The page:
If your child is already learning with a BritSwim teacher, you’ll likely have heard us during class talking about bubbles – aka, the importance of exhalation during swimming.
Many of us grew up learning to hold our breath while swimming. Accepted practice is now that it is better to exhale in the water – here’s why.
Swimming is not a natural activity; humans were not designed to move effectively through water. So, in teaching swimming, we are essentially passing on the best way to do this. Often, our actions in the water are exclusive to that environment (think of how often you would move your arms in a freestyle motion on land – we’re guessing never). It’s our job to teach these ‘unnatural’ movements until they feel natural and come easily, and to keep whatever we can as ‘natural’ as possible. Breathing falls into this latter category.
In real life, we inhale and exhale – so in swimming, we do the same, and what that translates into is breathing in when our face is out of the water, and breathing out when it’s submerged.
When we inhale and exhale during swimming, we are keeping things as normal as possible for our body.
Holding the breath, by contrast, sends a message to the brain that something is wrong – that results in the body becoming tense, which is not conducive to a smooth swimming style.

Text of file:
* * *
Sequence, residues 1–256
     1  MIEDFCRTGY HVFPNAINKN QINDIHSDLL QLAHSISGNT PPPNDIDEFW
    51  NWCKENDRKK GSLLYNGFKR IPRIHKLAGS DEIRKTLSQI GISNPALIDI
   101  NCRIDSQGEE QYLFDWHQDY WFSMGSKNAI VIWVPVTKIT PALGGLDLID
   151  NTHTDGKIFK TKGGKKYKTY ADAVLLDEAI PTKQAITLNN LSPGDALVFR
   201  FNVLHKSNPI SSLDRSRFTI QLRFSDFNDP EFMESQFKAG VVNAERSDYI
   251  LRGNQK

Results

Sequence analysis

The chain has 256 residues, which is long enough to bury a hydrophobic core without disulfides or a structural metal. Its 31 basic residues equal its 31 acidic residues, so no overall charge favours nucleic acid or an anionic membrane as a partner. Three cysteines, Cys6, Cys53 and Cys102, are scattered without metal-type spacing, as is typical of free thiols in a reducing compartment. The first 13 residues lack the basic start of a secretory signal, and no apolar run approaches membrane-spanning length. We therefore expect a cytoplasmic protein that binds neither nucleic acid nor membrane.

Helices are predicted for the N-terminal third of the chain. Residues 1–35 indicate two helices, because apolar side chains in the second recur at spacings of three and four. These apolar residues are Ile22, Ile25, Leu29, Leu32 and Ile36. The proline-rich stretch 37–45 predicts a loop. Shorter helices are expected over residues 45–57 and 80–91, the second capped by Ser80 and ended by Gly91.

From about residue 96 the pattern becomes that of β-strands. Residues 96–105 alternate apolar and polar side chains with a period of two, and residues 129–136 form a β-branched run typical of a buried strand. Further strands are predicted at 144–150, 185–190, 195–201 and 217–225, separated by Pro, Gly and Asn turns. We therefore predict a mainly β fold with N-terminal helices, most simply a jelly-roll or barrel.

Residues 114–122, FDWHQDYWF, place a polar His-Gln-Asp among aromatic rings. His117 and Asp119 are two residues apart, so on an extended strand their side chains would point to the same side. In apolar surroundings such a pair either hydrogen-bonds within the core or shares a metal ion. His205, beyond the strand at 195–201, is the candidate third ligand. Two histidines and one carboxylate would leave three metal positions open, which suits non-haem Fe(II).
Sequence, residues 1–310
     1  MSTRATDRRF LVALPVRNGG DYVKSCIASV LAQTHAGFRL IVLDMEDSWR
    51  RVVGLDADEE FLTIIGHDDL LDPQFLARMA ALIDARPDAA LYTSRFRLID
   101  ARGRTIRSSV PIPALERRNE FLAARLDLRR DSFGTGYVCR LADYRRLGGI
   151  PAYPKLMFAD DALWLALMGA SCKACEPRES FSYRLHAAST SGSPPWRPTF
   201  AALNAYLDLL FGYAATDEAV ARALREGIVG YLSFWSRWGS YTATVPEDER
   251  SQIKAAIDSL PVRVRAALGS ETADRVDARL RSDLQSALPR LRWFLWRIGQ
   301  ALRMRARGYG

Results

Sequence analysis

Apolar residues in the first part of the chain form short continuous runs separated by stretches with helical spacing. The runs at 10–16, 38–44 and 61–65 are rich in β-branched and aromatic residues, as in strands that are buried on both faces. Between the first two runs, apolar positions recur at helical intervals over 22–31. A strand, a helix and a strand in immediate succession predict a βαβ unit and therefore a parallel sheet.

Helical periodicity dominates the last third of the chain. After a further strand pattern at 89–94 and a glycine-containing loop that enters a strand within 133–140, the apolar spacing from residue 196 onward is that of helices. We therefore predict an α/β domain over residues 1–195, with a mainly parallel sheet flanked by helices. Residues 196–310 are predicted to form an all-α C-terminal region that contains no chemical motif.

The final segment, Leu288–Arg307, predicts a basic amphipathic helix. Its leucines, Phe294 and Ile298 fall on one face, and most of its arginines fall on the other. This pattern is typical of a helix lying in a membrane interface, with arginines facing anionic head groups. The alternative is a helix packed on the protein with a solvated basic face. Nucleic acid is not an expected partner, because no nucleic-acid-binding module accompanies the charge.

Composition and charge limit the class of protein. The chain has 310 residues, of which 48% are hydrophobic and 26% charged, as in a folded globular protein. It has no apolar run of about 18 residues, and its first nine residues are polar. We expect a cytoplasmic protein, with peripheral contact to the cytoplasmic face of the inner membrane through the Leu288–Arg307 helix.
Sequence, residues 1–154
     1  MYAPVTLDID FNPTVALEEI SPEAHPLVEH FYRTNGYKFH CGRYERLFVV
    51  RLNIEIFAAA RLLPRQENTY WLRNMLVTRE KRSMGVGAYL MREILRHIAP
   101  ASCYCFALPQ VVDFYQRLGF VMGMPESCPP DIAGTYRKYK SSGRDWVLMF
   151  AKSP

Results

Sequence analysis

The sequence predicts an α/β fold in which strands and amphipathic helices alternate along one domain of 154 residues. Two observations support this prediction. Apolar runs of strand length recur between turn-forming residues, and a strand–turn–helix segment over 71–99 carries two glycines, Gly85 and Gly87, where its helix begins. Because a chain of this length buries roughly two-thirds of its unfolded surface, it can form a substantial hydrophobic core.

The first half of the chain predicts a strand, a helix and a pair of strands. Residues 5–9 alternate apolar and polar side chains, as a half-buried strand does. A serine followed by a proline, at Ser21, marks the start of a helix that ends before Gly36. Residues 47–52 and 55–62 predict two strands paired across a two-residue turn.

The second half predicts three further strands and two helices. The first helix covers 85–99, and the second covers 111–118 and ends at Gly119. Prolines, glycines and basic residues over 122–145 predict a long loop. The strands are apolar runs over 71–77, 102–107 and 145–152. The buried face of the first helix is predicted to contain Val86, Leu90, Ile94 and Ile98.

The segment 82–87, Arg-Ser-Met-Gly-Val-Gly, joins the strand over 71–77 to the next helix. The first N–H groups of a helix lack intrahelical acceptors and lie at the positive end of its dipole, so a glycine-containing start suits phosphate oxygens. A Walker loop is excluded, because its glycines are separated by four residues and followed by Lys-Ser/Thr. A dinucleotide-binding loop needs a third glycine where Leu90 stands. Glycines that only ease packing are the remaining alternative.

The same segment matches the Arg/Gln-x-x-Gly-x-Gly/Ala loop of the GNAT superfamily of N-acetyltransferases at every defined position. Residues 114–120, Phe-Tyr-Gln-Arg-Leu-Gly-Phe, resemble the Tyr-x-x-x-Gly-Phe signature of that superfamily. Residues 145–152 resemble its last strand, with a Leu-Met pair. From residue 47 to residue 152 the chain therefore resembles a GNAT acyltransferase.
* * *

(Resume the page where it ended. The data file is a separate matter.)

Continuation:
It can also generate a very reasonable anxiety, especially in beginners – not being able to breathe is uncomfortable and scary.
The correction of breathing practice in students who come to us with stroke experience but also a residual fear of the water is very often the fastest path to overcoming this phobia.
It’s quite amazing how often just teaching a student how not to hold their breath will lead to greater confidence in water.
Proper breathing technique affects so many other facets of a good swimming technique.
An example: one student came to the first of her adult intermediate classes with good strokes, plenty of focus, and no lack of confidence, but she couldn’t understand why her legs were constantly trailing downwards towards the bottom of the pool during breaststroke.
The answer? She was holding her breath, which was keeping her top half buoyant, forcing her legs down – and that, of course, was hindering her stroke.
In other words, failure to blow bubbles was effecting her body position, and in turn, her success in effectively moving through the water. She exhaled in the water during her next length; just with a simple change in breathing, her body position was correct and her speed was vastly improved.
Last but not least, exhalation of a constant stream of bubbles will ensure that water can’t get into your mouth, or worse still, up your nose – bubbles thereby help you avoid one of the least pleasant sensations in the world of swimming.